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An assessment of community renewable energy as one of the options for transition to low-carbon energy in South Africa (Gauteng).

Monare, Kgomotso Sarah


Kgomotso Sarah Monare


Abhishek Agarwal


Governments around the world are actively developing policies that encourage consumers to move from passive to active engagement in localised renewable energy projects. In particular, small-scale, decentralised community renewable projects are being promoted as a means to diversify electricity sectors. However, there remains scant research exploring issues of social resources in communities, particularly prior to renewable energy project development. The present study addresses this knowledge gap by assessing public perceptions, and the factors that promote or inhibit the formation of community solar projects. This research examined the salience and influence of four factors: (1) the perceptions of civil society and experts; (2) the challenges of developing community renewable energy projects; (3) the recent progress made with solar photovoltaic (PV) technology; and (4) a comparison of the policies that support community renewable energy. Defining these four factors provides an understanding of the transformation potential for community solar projects to contribute toward the transition to low-carbon energy in South Africa. The proposed research is a single, exploratory, qualitative case study set in the urban suburbs of Johannesburg, Gauteng (South Africa). The study draws on qualitative data from in-depth interviews with twenty-five stakeholders from various communities, renewable energy experts, local government representatives, government agencies and the energy market. The study deployed an integrated approach in explaining and addressing the transformation potential of community renewables. It was through the application of the socio-technical transitions framework – the multi-level perspective (MLP), as well as the use of social capital theory - that the technological and social components of community renewable energy were understood. The proposed study provides new insights into the possible developments of technology and society (co-evolution), and thus contributes to the growing literature on transitions at a micro-level of the MLP theory (both technological and social). Thematic analysis revealed strong social trust within communities and an eagerness to engage in projects that contributed to community development. However, participants held varying views on whether they trusted shared ownership ventures with private developers or local municipalities. Participants considered community participation in all projects to be a key factor. The study shows that, for community projects to materialise, it is necessary for individuals to commit to the endeavour of community solar projects. There is also a need for government to introduce mechanisms that provide the support needed for such projects to succeed. This research suggests that greater commitment to diversification, beyond the implementation of legislative measures such as community benefits, is required. This would ensure local development and energy sustainability in communities. Furthermore, this research provides evidence for the importance of social resources to ensure the economic sustainability of community solar projects. The findings herein encourage discussions about the prospects of community participation in renewable energy in South Africa. This research also provides an essential contribution to policymakers considering moving forward with inclusive and participatory policies, and engaging in practices that will ensure wider-participation, ultimately contributing toward national priorities. The findings suggest that government should consider frameworks that will effectively promote, foster and regulate both small-scale solar PV deployment and community renewable energy (CRE) projects in the future.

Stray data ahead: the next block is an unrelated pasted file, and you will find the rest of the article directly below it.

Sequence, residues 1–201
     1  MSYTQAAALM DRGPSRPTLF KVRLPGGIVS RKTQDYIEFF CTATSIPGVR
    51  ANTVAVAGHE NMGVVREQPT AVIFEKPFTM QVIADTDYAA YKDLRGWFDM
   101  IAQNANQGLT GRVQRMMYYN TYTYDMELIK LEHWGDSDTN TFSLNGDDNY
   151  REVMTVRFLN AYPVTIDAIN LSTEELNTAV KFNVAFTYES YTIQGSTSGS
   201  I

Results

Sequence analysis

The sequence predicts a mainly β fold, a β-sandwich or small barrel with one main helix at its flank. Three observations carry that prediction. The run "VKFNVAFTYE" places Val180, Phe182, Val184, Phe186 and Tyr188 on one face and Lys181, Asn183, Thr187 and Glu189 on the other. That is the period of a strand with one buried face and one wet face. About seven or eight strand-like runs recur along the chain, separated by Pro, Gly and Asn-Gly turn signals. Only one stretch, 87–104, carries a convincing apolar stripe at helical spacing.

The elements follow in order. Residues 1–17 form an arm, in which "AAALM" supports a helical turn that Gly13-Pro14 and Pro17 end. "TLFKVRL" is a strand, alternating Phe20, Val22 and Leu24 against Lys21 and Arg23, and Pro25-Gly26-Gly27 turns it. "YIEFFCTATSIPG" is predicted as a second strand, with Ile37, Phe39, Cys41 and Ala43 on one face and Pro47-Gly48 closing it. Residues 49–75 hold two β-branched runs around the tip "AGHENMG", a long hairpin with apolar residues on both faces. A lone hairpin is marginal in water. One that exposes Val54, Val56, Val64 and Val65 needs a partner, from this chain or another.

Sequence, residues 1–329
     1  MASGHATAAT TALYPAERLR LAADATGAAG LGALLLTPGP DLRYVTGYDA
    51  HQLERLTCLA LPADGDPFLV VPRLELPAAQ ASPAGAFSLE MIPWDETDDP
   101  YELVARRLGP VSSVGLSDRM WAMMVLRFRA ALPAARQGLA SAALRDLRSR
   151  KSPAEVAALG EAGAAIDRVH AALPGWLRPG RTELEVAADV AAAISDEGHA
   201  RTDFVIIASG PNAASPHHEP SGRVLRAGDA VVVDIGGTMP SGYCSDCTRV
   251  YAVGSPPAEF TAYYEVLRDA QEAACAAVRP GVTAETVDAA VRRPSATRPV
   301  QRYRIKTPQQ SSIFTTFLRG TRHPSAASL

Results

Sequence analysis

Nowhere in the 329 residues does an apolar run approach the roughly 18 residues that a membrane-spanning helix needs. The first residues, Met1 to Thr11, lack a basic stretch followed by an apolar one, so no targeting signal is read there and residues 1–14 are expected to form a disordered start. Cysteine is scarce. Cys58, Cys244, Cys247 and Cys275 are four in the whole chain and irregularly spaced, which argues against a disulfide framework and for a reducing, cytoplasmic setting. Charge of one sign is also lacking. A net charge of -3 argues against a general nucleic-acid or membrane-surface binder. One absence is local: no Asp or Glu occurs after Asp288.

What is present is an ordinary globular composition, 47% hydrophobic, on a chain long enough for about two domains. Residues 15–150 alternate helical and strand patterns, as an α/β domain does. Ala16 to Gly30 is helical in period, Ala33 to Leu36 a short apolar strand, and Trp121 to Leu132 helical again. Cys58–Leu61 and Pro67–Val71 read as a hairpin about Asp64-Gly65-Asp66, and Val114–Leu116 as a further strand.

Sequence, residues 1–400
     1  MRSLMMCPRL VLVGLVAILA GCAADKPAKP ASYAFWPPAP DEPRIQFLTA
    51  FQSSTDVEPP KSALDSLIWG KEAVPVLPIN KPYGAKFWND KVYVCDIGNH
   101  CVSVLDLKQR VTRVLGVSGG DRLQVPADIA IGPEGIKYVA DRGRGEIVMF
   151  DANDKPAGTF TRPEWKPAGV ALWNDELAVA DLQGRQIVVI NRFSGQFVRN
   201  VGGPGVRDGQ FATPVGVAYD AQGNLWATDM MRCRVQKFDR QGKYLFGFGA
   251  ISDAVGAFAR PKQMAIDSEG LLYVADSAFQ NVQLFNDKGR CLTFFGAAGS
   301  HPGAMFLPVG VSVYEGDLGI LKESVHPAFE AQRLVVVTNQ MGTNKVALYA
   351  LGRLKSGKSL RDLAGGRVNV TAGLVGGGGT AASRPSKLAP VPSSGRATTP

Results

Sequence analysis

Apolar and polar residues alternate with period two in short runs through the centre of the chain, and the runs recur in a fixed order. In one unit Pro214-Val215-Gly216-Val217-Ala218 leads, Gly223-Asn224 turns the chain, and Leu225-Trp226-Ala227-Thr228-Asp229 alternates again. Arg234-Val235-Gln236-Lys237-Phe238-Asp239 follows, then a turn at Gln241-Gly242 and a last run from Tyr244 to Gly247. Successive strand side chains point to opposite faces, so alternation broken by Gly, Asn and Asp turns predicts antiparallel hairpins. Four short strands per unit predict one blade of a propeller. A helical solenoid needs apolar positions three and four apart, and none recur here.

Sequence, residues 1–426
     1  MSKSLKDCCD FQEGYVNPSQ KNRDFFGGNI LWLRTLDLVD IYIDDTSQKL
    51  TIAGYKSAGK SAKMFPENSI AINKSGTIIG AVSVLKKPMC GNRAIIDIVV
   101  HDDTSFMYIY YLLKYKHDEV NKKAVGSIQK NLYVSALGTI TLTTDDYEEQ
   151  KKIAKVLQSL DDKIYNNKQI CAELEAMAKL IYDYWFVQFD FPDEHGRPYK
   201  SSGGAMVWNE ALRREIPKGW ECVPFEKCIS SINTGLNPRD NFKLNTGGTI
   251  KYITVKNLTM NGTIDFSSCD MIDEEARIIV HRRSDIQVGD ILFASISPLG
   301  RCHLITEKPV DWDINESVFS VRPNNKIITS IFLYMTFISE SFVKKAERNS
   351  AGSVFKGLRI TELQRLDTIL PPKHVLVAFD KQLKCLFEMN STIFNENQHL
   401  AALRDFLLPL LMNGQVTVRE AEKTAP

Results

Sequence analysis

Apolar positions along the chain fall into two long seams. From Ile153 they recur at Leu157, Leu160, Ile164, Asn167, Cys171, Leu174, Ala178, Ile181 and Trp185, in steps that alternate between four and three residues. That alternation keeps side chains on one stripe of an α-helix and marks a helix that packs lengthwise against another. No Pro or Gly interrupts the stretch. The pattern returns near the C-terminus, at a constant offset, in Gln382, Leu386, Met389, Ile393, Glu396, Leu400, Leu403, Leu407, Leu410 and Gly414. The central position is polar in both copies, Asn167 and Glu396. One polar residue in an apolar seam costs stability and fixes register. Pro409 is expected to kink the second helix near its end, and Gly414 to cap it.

MONARE, K.S. 2019. An assessment of community renewable energy as one of the options for transition to low-carbon energy in South Africa (Gauteng). Robert Gordon University [online], PhD thesis. Available from:

Thesis Type Thesis
Deposit Date Jul 22, 2020
Publicly Available Date Jul 22, 2020
Keywords Renewable energy projects; Community projects; Community participation; Urban sustainability; Solar photovoltaic technology; Social capital
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